Preschool schedules can be combined in many of the same ways. Look for alternative times for music or to distribute snacks. Allow for one of the active rotations to substitute for recreation time, especially in a schedule shorter than two and one-half hours.
Do whatever it takes to look at your situation from a prospective you have never used or considered before. Paul said, “I have become all things to all men that I might by all means save some” (1 Cor. 9:22, NASB). The options available with Vacation Bible School provide churches a way to become whatever they need to be, in whatever situation they exist, to reach some in their communities. With a solid biblical foundation and divine guidance by the Holy Spirit through prayer, Vacation Bible School can truly be the event that has something for everyone.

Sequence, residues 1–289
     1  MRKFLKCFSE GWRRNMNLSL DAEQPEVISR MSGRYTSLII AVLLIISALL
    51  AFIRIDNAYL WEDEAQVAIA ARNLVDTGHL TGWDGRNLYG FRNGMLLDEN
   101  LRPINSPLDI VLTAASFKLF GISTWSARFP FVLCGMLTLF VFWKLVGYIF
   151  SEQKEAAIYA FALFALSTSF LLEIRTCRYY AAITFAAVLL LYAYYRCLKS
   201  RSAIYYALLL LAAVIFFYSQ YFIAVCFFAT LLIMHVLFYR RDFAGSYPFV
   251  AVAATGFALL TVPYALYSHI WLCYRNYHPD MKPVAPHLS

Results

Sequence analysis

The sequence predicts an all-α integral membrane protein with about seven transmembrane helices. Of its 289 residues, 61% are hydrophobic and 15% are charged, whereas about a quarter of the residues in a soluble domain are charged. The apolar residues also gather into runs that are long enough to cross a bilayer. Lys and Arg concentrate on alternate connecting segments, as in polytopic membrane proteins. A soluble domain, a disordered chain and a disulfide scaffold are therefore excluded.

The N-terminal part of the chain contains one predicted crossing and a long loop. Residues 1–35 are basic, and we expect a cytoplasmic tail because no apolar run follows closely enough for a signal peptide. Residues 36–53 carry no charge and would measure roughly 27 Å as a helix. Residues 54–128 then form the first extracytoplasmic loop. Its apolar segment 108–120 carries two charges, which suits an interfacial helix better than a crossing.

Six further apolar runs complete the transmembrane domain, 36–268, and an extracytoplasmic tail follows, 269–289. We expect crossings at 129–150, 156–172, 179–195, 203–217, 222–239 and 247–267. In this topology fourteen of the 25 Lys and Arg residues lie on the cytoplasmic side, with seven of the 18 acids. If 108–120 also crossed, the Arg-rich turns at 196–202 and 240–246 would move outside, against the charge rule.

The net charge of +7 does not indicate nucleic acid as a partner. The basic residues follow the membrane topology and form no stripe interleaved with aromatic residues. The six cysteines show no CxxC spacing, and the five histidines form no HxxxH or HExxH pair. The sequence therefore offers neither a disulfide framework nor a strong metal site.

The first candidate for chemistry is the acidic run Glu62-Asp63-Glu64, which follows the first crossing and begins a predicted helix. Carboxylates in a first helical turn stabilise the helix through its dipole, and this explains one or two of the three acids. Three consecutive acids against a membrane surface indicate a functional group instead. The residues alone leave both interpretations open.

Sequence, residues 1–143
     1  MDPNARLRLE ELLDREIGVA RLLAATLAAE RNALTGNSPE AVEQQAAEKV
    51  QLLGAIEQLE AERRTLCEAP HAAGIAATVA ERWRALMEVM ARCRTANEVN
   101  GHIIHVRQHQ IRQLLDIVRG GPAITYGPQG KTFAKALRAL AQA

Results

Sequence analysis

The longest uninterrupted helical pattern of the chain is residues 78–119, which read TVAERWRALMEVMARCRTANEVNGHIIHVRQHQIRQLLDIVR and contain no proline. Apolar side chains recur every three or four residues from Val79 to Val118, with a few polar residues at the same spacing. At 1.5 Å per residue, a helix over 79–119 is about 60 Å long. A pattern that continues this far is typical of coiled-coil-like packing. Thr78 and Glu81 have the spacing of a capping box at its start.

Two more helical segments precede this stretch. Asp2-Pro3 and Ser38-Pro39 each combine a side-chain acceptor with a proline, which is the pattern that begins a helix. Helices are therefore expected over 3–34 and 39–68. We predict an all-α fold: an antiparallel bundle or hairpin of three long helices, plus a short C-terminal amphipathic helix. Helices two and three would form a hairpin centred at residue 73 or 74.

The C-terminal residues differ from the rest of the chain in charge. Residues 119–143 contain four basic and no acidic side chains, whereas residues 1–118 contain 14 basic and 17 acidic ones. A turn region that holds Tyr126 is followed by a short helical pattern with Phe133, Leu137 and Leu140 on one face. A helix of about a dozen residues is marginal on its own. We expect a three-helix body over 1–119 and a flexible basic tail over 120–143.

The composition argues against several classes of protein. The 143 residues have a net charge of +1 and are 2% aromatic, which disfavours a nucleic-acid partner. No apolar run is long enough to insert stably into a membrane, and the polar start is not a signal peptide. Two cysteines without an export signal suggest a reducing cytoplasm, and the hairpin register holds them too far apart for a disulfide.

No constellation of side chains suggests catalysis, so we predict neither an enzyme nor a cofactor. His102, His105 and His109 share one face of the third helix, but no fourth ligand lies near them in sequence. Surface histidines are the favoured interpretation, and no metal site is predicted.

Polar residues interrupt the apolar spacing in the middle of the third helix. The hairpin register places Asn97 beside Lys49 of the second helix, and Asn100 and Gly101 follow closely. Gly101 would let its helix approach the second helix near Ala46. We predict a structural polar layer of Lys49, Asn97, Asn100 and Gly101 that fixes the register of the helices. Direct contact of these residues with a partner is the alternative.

At the time this article was originally published in The Sunday School Leader (1998) Rhonda VanCleave was a free-lance writer and a member of Lynwood Baptist Church, Oswego, Illinois. She is now VBS Publishing Team Leader for LifeWay Christian Resources, Nashville, Tennessee.